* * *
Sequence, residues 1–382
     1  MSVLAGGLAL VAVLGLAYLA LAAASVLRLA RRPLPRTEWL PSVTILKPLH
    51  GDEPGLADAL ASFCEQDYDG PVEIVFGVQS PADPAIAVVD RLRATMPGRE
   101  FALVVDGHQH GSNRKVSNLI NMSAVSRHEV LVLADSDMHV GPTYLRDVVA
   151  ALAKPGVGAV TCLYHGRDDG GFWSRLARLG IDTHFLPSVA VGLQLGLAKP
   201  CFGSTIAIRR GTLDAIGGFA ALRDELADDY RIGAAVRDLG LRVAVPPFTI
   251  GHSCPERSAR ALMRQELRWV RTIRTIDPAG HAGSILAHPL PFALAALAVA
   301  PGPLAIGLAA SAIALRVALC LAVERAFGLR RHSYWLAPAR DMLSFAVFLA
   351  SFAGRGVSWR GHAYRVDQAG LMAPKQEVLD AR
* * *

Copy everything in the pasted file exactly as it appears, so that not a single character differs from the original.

Sequence, residues 1–382
     1  MSVLAGGLAL VAVLGLAYLA LAAASVLRLA RRPLPRTEWL PSVTILKPLH
    51  GDEPGLADAL ASFCEQDYDG PVEIVFGVQS PADPAIAVVD RLRATMPGRE
   101  FALVVDGHQH GSNRKVSNLI NMSAVSRHEV LVLADSDMHV GPTYLRDVVA
   151  ALAKPGVGAV TCLYHGRDDG GFWSRLARLG IDTHFLPSVA VGLQLGLAKP
   201  CFGSTIAIRR GTLDAIGGFA ALRDELADDY RIGAAVRDLG LRVAVPPFTI
   251  GHSCPERSAR ALMRQELRWV RTIRTIDPAG HAGSILAHPL PFALAALAVA
   301  PGPLAIGLAA SAIALRVALC LAVERAFGLR RHSYWLAPAR DMLSFAVFLA
   351  SFAGRGVSWR GHAYRVDQAG LMAPKQEVLD AR